I've had this little gadget for a bunch of years now and love it. For a while, it was a pretty unique device. It allowed me to setup a custom self timer mode from a handheld wired remote. This device allows you to set a "time delay till shutter release", "time delay between frames", and a "total number of frames" (and for those BULB mode users a shutter duration timer).  I usually set mine up to give me a 15 second delay, and then a photo ever 3 seconds for about a dozen photos. This lets me get into position, have a few seconds to make adjustments between shots as I would if I were shooting a model series and enough photos to hopefully "get it right". I limit it to a dozen so I have time to review and check my work so I don't end up with 30 or more frames that are completely unusable.

So, take all these tips and play around and practice with some self-portraits. It will at least give you more practice shooting. It will help you understand how your model feels sitting in front of the camera (yes, it can be intimidating.) And if you don't something scheduled to shoot, it's better than wasting that time on the internet reading blogs. So, go shoot yourself and post your results online and give us a link back and let us know how you did.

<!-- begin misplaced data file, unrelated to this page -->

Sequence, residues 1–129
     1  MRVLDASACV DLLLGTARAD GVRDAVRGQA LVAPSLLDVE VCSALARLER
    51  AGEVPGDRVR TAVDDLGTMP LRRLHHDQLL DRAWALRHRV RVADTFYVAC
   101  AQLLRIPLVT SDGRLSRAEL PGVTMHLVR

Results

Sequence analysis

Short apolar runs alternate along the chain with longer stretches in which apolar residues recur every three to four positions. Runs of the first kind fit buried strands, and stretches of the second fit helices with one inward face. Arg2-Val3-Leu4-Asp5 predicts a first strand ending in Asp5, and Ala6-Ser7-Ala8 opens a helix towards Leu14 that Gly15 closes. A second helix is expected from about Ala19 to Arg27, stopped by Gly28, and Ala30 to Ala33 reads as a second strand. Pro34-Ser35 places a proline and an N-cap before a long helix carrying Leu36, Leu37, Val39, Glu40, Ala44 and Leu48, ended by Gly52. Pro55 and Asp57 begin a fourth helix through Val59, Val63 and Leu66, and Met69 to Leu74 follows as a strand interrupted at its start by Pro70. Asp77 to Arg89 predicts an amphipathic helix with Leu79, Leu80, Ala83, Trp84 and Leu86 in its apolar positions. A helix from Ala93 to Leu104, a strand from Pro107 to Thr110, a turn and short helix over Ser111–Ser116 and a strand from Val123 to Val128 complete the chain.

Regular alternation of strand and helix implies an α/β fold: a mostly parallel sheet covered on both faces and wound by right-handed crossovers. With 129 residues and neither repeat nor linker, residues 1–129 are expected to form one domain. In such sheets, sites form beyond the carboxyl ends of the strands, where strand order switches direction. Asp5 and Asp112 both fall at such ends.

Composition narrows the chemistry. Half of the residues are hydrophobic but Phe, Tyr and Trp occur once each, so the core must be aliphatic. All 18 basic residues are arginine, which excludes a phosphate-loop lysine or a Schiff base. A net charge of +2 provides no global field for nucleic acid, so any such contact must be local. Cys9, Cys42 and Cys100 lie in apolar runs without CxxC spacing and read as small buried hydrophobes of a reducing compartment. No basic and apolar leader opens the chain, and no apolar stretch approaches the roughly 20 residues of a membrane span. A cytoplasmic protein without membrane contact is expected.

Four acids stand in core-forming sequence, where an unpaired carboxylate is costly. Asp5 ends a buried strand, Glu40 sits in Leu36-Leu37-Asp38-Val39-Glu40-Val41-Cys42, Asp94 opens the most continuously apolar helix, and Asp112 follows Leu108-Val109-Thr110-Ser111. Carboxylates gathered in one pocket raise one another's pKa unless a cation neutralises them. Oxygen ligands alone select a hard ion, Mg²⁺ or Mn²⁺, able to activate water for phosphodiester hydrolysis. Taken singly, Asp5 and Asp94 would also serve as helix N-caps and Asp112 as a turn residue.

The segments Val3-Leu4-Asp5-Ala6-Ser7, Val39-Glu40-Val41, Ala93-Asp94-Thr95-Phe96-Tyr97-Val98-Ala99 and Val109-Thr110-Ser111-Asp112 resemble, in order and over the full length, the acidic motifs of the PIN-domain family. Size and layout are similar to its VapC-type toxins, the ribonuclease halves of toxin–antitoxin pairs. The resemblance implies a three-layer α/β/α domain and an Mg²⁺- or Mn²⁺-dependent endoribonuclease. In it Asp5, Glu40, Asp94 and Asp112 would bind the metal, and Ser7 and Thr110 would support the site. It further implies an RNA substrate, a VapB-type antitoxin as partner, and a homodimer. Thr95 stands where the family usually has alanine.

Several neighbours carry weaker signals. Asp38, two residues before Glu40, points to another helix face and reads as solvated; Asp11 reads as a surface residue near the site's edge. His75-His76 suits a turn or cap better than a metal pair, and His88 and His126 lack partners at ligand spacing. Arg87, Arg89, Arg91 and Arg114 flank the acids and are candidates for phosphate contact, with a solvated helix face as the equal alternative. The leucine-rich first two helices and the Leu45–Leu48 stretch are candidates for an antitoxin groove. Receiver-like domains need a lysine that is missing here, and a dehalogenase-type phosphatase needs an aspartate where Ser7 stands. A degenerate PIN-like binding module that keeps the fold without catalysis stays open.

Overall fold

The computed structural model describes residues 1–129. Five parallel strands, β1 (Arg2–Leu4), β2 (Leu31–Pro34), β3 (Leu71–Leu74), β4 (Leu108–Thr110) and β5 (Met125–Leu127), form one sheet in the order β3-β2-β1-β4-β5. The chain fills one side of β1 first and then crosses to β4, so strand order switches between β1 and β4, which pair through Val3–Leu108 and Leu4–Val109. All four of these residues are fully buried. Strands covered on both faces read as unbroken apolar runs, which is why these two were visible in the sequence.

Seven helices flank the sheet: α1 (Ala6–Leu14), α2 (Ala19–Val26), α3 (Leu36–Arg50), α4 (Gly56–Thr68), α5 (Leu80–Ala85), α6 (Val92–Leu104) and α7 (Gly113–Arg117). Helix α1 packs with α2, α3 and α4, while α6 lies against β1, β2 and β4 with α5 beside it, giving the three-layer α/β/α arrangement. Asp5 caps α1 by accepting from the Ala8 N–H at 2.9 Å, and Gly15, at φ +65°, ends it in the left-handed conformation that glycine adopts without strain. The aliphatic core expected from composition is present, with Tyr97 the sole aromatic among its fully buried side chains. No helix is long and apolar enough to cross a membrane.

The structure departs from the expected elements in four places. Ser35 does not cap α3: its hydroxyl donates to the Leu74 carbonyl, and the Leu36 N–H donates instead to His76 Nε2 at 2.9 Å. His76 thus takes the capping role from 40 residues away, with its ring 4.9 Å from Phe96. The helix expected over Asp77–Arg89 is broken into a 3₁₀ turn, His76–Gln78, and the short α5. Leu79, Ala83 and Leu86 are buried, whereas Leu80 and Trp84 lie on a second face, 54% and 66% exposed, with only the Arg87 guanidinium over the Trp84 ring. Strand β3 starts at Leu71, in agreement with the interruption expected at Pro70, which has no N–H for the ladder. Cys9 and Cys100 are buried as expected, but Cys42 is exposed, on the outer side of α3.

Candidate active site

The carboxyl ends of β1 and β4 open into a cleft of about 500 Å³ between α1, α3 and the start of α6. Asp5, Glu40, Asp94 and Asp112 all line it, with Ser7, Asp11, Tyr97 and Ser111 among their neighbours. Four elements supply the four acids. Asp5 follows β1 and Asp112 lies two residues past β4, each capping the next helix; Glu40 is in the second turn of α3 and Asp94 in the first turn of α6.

A Reason to Shoot Myself

It isn’t as bad as it sounds… harmless fun (self-portraits that is...). Istockphoto.com turns 10 on April 7th and they are asking their members to submit a headshot to build a gallery of the people who helped make it what it is today. From the forum thread on the topic:

Faces of iStock
To kick it all off we're creating a massive online gallery and we need your help. We want to see everyone out there involved in the iStock world: all you photographers, designers, illustrators, photo-retouchers, scrapbookers, video editors, musicians, Flash coders, marketing execs, iStock Inspectors, Steel Cagers, Australians, forum hanger-outers - everybody. And yes, you’ll get to see what we all look like as well. 

So, I took the time and did a few self portraits of my own. I have a bunch of self-portrait headshots already, but why not take the opportunity to shoot a new quick one. But I had to do SOMETHING a little unique. I didn’t want to just do a “pretty face” pic. So, I used my motorcycle as a prop, and not just because I enjoy motorcycling, but because motorcycling is what caused me to adopt my online moniker: Motoed (pronounced: moto-Ed).

I narrowed the choice shots down to these few. I have a fav and my wife does as well. I’m curious to get the opinion of my audience as well. Which shots do you prefer? Add comments below, please.

A:

 

B:

C:

D:

E:

Desertlypse IV - istockphoto Minilypse in Arizona